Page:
Tea Pets 101 October 28 2020


    Have you been harboring a curiosity over the small statues in Chinese tea shops? Do your friends, with their fancy slatted trays and rare oolongs, have a little friend who frequently graces their tea table? Are you super super into tiny cute animal figurines and delicious teas? You, my friend, are ready to get hooked on tea pets.

    These little buddies date back to the Yuan Dynasty (1206-1368 AD) when pottery artists began playing with teapot scraps, fashioning whimsical figures out of the spare clay to entertain themselves and their clients. The practice caught on and soon there was demand for intentionally fashioned statues designed to represent household spirits and mythological guardians such as dragons, great turtles and luck-bearing dogs. A bed of coins under the pet (or one in the mouth as pictured below) represents a pet that will bring financial prosperity to a household. Birds are thought to bring wisdom and happiness. Some are fashioned to look like a beloved pet, while others are irreverent and even lewd!

      It's not unusual to find tea pets that change color when hot water is poured over top. You're equally likely to find pets that burble and blow bubbles, pets that smooth to your touch and learn your fingers over time, or pets that literally shoot a stream of "pee" up to seven feet across the room!

    My first tea pet ever was a gift I bought myself for my thirtieth birthday. My house had just been burned down by my dog and I was homeless. I'd lost almost everything and was so freakin stressed out. Dr. Boyfriend took me to a Taiwanese tea shop here in Seattle and at the tasting counter I saw my tea pet. A beautiful cobra, about six inches tall, seated atop a pile of coins with an elegant tail holding up a crown. The temperature-reactive paint turned emerald green and sunflower gold when hot tea was poured over it and I was entranced. It was my special gift to myself, a treasure to help the terrible month feel a bit lighter. A way to salvage The Big Three-Oh. It's still my most precious tea pet and every time I use it, I get the warm fuzzies. Tea pets are designed to be sentimental.
 

    I am often asked the following questions about tea pets. 

"What do they do?"
    They are cute! They make you feel good! They might blow bubbles, they might change color, they might pee, but mostly they sit around and make you smile.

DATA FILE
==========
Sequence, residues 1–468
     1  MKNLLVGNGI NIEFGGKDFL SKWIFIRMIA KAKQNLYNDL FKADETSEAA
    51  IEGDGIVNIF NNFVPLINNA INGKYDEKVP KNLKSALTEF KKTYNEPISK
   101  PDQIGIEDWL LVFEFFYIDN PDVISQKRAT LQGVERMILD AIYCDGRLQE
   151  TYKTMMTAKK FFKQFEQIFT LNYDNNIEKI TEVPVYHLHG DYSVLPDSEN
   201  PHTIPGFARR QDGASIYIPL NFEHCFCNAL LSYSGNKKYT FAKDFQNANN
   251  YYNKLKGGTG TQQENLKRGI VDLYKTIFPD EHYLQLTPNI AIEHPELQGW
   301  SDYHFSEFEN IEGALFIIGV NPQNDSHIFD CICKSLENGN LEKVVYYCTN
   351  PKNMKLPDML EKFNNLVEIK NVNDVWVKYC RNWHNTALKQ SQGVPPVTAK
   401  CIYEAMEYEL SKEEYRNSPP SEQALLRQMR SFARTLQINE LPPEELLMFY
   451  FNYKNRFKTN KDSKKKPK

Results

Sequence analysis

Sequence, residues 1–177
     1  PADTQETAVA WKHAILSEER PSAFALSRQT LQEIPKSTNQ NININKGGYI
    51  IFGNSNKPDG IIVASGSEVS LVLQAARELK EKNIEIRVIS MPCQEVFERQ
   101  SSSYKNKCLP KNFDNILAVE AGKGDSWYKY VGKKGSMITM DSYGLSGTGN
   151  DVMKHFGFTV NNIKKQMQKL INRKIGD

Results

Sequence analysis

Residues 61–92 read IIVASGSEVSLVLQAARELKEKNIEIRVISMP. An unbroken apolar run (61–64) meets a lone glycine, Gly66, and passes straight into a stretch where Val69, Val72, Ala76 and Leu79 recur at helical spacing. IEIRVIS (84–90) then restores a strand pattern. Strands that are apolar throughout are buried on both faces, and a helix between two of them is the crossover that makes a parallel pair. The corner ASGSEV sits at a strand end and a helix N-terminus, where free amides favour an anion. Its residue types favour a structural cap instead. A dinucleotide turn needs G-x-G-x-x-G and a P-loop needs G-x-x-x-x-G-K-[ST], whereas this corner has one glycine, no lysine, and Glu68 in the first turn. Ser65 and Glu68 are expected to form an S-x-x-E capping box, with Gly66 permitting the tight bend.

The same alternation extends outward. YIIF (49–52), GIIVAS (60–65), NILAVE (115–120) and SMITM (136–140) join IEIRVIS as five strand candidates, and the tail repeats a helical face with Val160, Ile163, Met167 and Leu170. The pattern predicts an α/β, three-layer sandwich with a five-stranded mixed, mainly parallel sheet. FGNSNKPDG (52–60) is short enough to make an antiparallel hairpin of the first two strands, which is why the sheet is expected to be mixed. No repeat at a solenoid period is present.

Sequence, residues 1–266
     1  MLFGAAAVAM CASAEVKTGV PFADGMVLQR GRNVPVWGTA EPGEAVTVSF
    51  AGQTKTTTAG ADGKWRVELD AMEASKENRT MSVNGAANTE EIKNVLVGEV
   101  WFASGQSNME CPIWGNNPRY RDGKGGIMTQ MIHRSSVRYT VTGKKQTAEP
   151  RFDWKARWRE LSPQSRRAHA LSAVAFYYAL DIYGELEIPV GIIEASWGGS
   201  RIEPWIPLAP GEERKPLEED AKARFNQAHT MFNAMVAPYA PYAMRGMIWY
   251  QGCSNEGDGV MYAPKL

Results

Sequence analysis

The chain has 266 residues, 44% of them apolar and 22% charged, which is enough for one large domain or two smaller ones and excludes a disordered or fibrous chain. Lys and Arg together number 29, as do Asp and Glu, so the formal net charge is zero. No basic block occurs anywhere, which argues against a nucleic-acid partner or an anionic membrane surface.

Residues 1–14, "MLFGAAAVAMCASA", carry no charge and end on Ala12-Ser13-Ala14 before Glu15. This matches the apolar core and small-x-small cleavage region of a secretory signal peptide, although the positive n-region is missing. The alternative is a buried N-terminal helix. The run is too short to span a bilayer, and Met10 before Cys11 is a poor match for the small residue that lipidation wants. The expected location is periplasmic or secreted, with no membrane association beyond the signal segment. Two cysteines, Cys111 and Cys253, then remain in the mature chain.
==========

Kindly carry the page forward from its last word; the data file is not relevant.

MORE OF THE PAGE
"How should I take care of them?"
   
Tea pet care is delightfully simple! Simply water them regularly with hot tea (mostly important for tea pets made of yixing clay, which will crack if left for a long time without hot water bathing), allow them to air dry well after use, and that's it!

"What are they made of?"
   
All manner of substances can be made into tea pets, from a simple garden rock with googly eyes to the most rare and precious of clays. Many tea pets will be made of yixing clay (these unglazed pets range from pale red to deep dark brown, nearly black in hue), but porcelain is equally common, and even metal tea pets aren't unheard-of! Unglazed pets will be more absorbent and take longer to dry, but will also generally be designed to do a fun trick, such as pee across a room or blow bubbles. The glazed ones are typically designed simply to be cheerful, though some do have the temperature-reactive color changing paint, which is very exciting!


"What shapes are there?"
    Tea pets can be any size and shape. In my personal collection, I currently have one pee boy, one snake, one little red pig, and one bat! I have seen horses, cranes, and fish heads with their mouths open. I have seen a small stack of pebbles on a tea tray be treated with the same charm and reverence as an intricate gilded dragon sculpture. If your heart is drawn to it, go for it! A big part of the fun of tea pets is showing off all the strange, beautiful and silly designs you can find or make!

Thanks for taking the time to read a bit about these wonderful little friends. Tea pets are a joy, and I hope you've felt a bit of their happiness just by reading about them!

xoxo,
Friday (she/her)